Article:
MADRID, 19 July (APM) - Daily ABC on Saturday reported at length on access to HIV treatments in developing countries and pharma's pricing policies.
''It has been 30 years since an AIDS pandemic killed thousands of people in Africa while pharma hypocritically proclaimed their solidarity but refused to lower the prices of HIV medicines,'' it reported.
Nowadays, that kind of attitude would be ''inconceivable''. Pharma executives have learned that poorer populations have the same right to receive the medicines they need as patients in developed countries.
There are an estimated 20 million African patients infected with HIV. They receive treatment at less than $100 annually, with drugs sold at practically their manufacturing cost. Drugs to treat other high-prevalence conditions, including malaria, TB, hepatitis C and certain types of cancer are also sold at lower prices in these countries, ABC reported.
The 20 biggest pharmaceutical companies in the world, which refused to lower the prices of their drugs in the past, are currently competing to show solidarity and improve access to medicines for unmet needs, ABC added.
Companies which have embraced this strategy include Johnson & Johnson, Novartis, GlaxoSmithKline and Merck KGaA, at the most prominent level, whereas Japanese firms like Takeda and Eisai are gradually getting their positions at the list of ''caring'' pharmas.
A number of international pharmaceutical firms are cooperating with generic manufacturers based in India, to whom they grant licenses, which allow the distribution of drugs at low prices in Africa, Latin America and some countries in Asia.
These strategies are, according to some experts in the field, a long-term investment. Whereas the drug market is showing signs of coming to a standstill in certain developed countries, it is constantly growing in countries with limited income but development standards on the rise.
Giving up revenue now can turn into substantial gaining in a few years, the newspaper argued.
J&J to try experimental HIV vaccine in Europe and U.S.
Johnson & Johnson is planning to try an experimental HIV vaccine in Europe and the U.S. in an effort to find a compound which is efficient in populations around the world, dailies El Mundo, El País, 20 Minutos financials Cinco Días, El Economista reported on Saturday.
Following four decades of research and setbacks, J&J is working on what might become the first HIV vaccine. The company is aiming to start trials at the end of 2019 in the U.S. and Europe with 3,800 male volunteers, El Mundo reported.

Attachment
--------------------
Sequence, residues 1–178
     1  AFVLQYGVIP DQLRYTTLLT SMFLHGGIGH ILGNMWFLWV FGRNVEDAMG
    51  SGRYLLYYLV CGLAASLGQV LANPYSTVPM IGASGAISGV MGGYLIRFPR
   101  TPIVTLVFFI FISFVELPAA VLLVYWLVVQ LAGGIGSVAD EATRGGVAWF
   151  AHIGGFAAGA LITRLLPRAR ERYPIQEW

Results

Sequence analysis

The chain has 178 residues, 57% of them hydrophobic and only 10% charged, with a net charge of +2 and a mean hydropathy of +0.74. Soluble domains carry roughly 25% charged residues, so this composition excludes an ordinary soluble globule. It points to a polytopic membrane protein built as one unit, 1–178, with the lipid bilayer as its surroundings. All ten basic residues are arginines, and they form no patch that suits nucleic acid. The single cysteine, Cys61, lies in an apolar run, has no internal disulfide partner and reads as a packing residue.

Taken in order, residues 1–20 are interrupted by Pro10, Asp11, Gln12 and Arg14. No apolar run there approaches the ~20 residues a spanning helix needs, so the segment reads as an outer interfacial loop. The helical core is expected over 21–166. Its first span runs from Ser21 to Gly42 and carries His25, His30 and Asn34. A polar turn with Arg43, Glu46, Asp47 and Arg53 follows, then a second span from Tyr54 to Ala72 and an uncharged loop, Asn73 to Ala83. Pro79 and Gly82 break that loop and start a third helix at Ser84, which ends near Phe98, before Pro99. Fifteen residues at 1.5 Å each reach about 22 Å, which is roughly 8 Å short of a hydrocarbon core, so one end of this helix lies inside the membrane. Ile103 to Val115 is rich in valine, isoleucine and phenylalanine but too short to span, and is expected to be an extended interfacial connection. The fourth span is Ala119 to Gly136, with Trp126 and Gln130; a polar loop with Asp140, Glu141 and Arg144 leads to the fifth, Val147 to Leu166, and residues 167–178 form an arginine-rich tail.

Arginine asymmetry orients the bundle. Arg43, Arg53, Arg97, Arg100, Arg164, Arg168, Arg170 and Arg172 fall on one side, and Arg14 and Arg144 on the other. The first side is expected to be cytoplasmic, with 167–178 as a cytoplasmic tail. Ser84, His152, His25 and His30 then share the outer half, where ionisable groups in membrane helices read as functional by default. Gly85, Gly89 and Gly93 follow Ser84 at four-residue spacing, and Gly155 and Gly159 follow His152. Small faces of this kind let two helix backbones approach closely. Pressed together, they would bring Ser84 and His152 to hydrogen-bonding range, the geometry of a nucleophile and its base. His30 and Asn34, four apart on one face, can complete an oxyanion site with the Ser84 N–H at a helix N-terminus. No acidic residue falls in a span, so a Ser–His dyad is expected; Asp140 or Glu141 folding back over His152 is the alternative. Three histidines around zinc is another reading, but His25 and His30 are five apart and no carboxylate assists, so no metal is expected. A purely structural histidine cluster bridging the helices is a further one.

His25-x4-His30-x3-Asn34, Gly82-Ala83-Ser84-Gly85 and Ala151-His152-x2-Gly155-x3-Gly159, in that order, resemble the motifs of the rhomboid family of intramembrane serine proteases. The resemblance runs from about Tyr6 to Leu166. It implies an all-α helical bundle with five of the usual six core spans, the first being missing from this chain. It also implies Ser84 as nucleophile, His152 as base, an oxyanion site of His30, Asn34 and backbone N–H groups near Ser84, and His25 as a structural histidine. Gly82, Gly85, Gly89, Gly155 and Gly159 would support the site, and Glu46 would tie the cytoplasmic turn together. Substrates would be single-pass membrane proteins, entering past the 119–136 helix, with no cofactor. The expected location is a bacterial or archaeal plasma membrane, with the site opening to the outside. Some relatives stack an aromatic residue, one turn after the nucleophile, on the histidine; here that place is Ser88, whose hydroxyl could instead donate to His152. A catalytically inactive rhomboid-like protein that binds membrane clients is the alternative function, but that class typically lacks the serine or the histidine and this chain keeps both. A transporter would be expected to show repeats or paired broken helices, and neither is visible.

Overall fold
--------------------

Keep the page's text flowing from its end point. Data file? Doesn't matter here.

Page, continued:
The scientific team in charge of the project is looking for a vaccine which works in populations around the world, particularly in Africa. Results of the trials are not to be expected before 2023, El Mundo said.
The company is cooperating with ViiV Healthcare in the approval of a treatment to reduce HIV infection. It is the same strategy as that of Gilead and Pfizer, the newspaper added.
Basic science not a pharma thing - Nobel laureate
On Saturday, daily El País carried an interview with Roger Kornberg, Nobel laureate in chemistry, who emphasised the importance of public funding of basic science, as this is a topic to which pharma will not devote much effort.
El País quoted Kornberg as saying: ''It is a mistake to think that pharmaceutical companies can replace publicly funded research. Our research is basic, in the sense that it is moved by curiosity about nature, without knowing where this will take you.''
According to the Nobel laureate, research without clear goals is not something pharma can do because they cannot devote funds to projects without objectives. ''A company cannot invest money to do something which may not bring any revenue ever, it is impossible,'' he told the newspaper.
Spain's Farmasierra ready for U.S. expansion
Spanish firm Farmasierra is expecting to get its first FDA-approved drug at some point this summer, effectively entering the U.S. market, financial Cinco Días reported on Thursday.
Entering the U.S. will open the gate to 20 additional markets, which will make the firm active in 80 countries by 2020-2021.
Speaking at a press conference, Farmasierra president Tomás Ollero said: ''Manufacturing is our core. We have developed a vertical business which comprises the whole process of developing a drug, from R&D to manufacture, distribution and commercialisation.''